It is that time of year again, when skirts get shorter and necklines get plunge-ier. Last week at Mass I saw a teenage girl and her family bring up the gifts. Her skirt was so short she couldn’t bow to the priest after passing off the gifts, for fear that everything would be revealed.
For the two years I lived in Rome, I was always grateful for the visual images outside of churches to remind tourists and pilgrims alike what was expected of women and men entering a church. These signs, likely put up when fashions changed and non-Catholics didn’t know that they needed to have their shoulders covered, etc., have morphed into signs for just about anyone—non-Catholic and Catholic alike.
To be clear, we are not talking about floor length dresses or necklines up to the chin, but something very simple such as shoulders covered, no shorts or short skirts. The dress code also applies to both men and women.
But why are these dress codes required? Is it simply because one might encounter the pope and it is better to be dressed appropriately? Nope. The dress code signs are throughout the city and not just the churches where potential pope-sightings could happen. The main reason, one that every Catholic knew to the core of her being decades ago, is that how we dress says a lot about us. When we enter a church, Christ is truly present—body, blood, soul, and divinity—in that space. It is because of him that we recognize the importance of dressing respectfully. This is why there is something special about a Catholic church, why they are beautiful, why centuries of time and inestimable talent have been spent to make them so. It is this grandeur that reminds us of the unfathomable grandeur of God. And though a church may be humble, there too is grandeur of Christ. This is why Sunday-best has been entrenched in just about every Christian culture, except our own.
The hardest part about fashion trends at church, however, is that priests pretty well have their hands tied on the subject. If they say anything, they will be targeted as having “a hang up,” or directing spite at poor innocent girls. As a result, it is largely up to women to speak up.
While many of us may not give our wardrobes much thought and just follow the trends, it is crucial to understand that we may be communicating more than we realize, or something we don’t wish to communicate at all. The second reason why women should consider what they are wearing has a lot to do with charity.
My parish recently went through a struggle over the issue of noise in church. The battle lines were drawn between an older crowd who wanted to be able to hear a pin drop in church for prayer (which is a wonderful thing) and young parents who wanted to feel welcome with their children (which is also a wonderful thing). But how do you resolve this issue when people have a different understanding of what is distracting? The parent who has set his toddler up with his smart phone to watch a video during Mass is clearly going to be distracting a lot of people. Meanwhile the elderly parishioner who expects absolute silence will forever be disappointed in a growing and alive parish. A balance needs to be struck, but regardless, the issue requires a lot of charity, empathy, and even creativity.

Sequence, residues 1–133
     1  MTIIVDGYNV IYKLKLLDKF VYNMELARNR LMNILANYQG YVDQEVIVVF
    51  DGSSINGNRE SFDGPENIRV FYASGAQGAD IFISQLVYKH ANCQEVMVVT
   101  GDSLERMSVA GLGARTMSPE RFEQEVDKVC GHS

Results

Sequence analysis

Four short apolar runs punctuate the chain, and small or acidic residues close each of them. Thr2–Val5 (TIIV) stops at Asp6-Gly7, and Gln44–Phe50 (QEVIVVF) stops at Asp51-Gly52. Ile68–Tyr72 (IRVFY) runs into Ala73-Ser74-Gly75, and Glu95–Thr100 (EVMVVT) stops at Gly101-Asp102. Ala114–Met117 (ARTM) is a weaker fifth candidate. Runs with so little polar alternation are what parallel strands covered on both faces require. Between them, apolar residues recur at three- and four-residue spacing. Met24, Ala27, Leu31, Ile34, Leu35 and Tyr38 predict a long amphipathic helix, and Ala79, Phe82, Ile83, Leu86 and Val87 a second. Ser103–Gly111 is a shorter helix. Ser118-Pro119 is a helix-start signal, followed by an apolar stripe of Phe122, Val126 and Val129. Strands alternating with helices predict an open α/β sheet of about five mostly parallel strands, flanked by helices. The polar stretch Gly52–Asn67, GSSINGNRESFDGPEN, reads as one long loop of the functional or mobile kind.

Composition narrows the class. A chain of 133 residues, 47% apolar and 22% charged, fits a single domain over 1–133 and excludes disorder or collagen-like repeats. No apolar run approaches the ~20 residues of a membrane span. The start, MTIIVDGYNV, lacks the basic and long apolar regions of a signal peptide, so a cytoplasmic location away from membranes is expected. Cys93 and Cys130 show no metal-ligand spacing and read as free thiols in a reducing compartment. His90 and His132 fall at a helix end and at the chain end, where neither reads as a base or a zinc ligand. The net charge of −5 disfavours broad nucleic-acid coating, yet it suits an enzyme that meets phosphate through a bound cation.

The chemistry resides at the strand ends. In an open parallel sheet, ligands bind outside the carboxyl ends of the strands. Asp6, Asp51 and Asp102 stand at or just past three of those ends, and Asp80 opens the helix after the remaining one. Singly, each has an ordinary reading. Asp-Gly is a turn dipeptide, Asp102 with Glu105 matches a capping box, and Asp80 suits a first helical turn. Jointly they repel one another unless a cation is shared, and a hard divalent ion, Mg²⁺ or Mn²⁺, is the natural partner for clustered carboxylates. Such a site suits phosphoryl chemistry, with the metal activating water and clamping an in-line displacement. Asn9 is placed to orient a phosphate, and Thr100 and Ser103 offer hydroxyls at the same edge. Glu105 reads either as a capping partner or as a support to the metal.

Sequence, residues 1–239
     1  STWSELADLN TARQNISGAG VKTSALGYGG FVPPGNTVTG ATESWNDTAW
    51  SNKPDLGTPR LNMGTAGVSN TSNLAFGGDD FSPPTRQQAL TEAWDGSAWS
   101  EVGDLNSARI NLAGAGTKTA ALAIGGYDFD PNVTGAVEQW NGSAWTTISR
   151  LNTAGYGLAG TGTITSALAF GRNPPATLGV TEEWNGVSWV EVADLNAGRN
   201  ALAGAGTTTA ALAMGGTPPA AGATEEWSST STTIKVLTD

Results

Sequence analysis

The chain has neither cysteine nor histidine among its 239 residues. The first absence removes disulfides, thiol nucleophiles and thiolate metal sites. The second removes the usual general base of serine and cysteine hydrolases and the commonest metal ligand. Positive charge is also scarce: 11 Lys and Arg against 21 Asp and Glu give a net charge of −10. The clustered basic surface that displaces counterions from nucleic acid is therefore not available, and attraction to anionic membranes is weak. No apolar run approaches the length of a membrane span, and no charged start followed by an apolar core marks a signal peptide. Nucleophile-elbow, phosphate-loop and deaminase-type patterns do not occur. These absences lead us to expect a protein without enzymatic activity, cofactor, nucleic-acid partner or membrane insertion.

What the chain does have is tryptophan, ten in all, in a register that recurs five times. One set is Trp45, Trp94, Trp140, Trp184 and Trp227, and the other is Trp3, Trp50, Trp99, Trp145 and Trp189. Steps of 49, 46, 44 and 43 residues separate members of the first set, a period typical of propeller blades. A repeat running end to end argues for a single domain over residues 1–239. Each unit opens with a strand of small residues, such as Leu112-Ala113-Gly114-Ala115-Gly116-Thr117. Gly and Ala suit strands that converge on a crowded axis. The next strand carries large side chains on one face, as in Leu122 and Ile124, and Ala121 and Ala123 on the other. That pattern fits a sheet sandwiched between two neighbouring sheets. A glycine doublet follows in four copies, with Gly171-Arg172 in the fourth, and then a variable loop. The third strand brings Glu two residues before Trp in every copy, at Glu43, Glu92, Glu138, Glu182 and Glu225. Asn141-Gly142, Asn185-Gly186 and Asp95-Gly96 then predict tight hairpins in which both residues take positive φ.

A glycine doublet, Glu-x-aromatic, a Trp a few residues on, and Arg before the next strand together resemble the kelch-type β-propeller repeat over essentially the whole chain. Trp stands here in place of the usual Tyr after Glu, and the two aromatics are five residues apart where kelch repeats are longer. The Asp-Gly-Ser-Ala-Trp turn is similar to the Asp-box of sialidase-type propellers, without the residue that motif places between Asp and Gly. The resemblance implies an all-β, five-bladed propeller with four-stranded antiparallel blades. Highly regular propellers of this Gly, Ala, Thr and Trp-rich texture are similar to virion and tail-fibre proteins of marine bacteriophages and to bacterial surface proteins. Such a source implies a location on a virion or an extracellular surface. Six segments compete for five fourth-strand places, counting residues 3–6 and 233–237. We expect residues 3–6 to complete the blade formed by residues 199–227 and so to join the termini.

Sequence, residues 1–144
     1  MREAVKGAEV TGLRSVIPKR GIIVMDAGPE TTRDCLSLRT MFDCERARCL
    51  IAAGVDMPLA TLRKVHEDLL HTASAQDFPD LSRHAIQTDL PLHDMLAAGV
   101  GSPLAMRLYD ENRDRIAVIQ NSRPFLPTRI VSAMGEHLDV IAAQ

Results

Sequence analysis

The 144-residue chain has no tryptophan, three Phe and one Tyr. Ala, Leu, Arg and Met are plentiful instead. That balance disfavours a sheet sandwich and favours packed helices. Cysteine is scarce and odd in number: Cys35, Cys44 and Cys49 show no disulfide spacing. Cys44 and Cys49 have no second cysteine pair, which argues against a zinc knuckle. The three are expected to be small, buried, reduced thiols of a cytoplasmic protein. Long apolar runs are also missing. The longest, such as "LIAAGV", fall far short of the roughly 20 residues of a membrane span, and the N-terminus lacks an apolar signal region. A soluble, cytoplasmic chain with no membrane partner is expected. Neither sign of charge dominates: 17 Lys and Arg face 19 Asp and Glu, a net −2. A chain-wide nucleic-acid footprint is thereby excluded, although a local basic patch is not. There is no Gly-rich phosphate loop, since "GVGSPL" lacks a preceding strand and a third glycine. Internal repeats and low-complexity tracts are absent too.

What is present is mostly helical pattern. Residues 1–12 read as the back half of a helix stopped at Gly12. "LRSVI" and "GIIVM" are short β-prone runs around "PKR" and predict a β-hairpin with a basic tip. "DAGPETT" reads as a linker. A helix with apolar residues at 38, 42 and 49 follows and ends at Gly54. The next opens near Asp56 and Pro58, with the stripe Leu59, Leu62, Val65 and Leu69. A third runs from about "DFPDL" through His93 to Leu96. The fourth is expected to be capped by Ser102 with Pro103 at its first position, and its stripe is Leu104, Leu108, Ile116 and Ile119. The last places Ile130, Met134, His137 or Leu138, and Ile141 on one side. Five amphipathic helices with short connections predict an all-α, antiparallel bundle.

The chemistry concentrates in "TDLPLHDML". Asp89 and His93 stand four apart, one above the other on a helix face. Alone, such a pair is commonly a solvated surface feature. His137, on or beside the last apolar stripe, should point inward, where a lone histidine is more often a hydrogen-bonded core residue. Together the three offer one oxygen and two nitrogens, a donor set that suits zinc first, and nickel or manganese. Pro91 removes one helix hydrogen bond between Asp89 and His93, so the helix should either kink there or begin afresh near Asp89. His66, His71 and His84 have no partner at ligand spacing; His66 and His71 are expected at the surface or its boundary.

But isn’t there another kind of distraction? Visual distraction? The teenage boy sitting behind the girl in short-shorts is going to have to struggle with a different kind of distraction during Mass than noise around him. Or what about the husband struggling with porn who is next to the woman in tight dress with a plunging neck line? Will this help him and his family? One priest I know at a Newman Center at a well-known university confided to me that he would regularly contract his stomach muscles to avoid blushing as female lectors would approach the altar scantily dressed. Clearly, this was yet another type of distraction for even the priest.
Church is meant to be a place where people can connect with God. Where we commune with him as the Body of Christ. Perhaps as women we need to look at modesty not as something to scoff at but to consider as an act of charity. It frees up the minds and hearts of those around us to do at Mass what they are supposed to do. It is a simple way to show love of neighbor. And yes, it is clear that men and women have different types of temptations and struggles. Being mindful of that isn’t sexist, but is charity in action. With our porn-saturated culture, can’t we provide one safe place for men to sort through their sins and struggles without adding to them? Instead, we are offering the moral equivalent (almost) of passing out chocolate cupcakes at a Weight Watchers meeting.
In the meantime, perhaps a simple solution would be for parishes to consider printing up signs like they use for Roman tourists. It is a lot easier to promote an objective dress code for everyone to follow than just to single out women. And frankly, the whole parish would also be well served by having men dress respectfully, too.
But in the meantime, when in doubt about what to wear, ask yourself this question: “Would they let me into a church in Rome?”